FAIR HILL — Runners dressed in pig costumes were some of the first people on the Cecil County Fairgrounds on Saturday morning for the annual “Running with the Pigs,” 5K. The costumed athletes were part of an effort to raise money to help local people suffering from breast cancer pay for the expenses that come with treatment.
“It stays in the county,” organizer Virginia Ferver said about the money raised. “It all goes to gas cards, co-pays and to help people in Cecil County get assistance in whatever they need, food, it pays for medicine if they don’t have insurance.”
The 5k is one of two events, along with “Smash for a Cure” at the fair that raises money for the Union Hospital Breast Health Center. Over 150 runners participated in the race, which has been an institution at the fair for 10 years.
“Breast cancer can be so devastating to a family’s finances,” Ferver said.
Ferver herself had cancer, but had to drive to Philadelphia for treatment, showing her how people who were less fortunate may not have been able to afford commutes to the hospital.
Ferver said the name of the event comes from how pigs would be corralled across the fairgrounds to be moved on Sunday.
Elkton resident Megan Austin participated in the race to honor family members who passed away from breast cancer.
“When I was running, I was calling their names like come on get me to the end,” Austin said.
The best dressed pig, Fair Hill resident Pat Sawyer said this year was his third race, and he also came out to run in support of his family.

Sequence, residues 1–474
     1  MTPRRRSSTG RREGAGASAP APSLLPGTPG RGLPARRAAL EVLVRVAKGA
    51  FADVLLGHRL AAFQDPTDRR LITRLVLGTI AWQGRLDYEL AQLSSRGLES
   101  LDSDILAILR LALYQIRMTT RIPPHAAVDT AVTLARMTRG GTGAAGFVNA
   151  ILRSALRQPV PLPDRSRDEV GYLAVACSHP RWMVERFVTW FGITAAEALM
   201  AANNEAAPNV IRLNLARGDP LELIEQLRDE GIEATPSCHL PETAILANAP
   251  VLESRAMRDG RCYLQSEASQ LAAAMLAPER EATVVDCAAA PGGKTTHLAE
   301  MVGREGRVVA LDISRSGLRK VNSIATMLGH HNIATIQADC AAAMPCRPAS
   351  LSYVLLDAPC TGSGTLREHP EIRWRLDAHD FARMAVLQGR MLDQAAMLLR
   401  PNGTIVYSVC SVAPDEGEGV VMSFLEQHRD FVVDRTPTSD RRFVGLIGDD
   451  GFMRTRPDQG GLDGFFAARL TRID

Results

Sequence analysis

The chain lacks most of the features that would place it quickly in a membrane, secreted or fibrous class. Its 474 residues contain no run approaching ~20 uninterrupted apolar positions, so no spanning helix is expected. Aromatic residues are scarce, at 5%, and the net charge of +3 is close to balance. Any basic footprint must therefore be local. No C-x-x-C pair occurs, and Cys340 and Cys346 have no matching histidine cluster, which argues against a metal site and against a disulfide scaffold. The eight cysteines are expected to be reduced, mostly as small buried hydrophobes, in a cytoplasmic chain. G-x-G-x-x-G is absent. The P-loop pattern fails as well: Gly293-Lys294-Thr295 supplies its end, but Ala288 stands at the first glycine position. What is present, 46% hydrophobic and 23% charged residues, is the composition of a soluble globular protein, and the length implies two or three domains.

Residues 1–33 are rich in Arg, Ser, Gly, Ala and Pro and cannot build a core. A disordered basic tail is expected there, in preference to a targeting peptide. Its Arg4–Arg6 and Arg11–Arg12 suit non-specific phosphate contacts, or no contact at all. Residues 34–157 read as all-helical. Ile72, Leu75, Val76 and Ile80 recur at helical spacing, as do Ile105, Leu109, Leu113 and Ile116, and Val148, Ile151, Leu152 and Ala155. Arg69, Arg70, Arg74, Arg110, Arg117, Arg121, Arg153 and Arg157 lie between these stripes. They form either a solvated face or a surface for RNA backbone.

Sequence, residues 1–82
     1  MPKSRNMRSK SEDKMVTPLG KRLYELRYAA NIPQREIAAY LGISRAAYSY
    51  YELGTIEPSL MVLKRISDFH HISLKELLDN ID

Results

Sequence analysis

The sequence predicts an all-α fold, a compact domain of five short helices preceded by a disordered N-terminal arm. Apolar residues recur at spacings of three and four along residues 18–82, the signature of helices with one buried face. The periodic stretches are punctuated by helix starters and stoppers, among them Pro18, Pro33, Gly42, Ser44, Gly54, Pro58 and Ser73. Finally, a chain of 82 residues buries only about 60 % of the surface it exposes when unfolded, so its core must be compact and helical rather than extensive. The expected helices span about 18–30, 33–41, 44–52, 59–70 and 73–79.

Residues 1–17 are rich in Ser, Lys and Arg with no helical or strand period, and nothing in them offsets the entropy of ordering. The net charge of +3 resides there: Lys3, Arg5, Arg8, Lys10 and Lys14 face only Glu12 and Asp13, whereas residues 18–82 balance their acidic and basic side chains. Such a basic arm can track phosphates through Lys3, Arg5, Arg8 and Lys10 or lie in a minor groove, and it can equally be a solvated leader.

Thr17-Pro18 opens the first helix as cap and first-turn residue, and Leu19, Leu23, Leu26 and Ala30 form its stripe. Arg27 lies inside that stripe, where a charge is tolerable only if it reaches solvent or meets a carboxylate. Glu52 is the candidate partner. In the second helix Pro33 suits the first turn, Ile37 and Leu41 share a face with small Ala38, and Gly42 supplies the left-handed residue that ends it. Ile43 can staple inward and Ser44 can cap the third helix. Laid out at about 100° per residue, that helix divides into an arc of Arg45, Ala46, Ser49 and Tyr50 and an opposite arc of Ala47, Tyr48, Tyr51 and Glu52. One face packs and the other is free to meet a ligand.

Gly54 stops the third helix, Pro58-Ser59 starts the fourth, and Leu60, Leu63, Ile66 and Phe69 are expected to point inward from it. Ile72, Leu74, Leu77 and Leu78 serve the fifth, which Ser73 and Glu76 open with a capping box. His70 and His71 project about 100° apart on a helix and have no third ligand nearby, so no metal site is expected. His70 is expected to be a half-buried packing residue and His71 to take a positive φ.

“I’ve had multiple family members who’ve had breast cancer, fortunately they all survived,” Sawyer said.
Sawyer was joined by his daughter and two grandchildren.
Cecil County resident Charlotte Bogus ran with a little stuffed pig on her shoulder throughout the 5K. She mainly participated to run to get healthy and fit for her children.
“It was such a good cause,” Bogus said. “I was running and alot of motivation was from women wearing ‘hope stickers.’”
Hunter Madron began “Smash for a Cure” in 2013 to raise additional money for Union Hospital. In the event, people give a donation to hit a bus or a car with a hammer, and the vehicle is later entered in the demolition derby. In eight years, the event has raised over $12k according to Madron.
Hunter’s brother Brayden, said the project was part of Hunter’s 4-H experience.
“It’s exciting knowing that I can help the project and help breast cancer survivors,” Brayden said.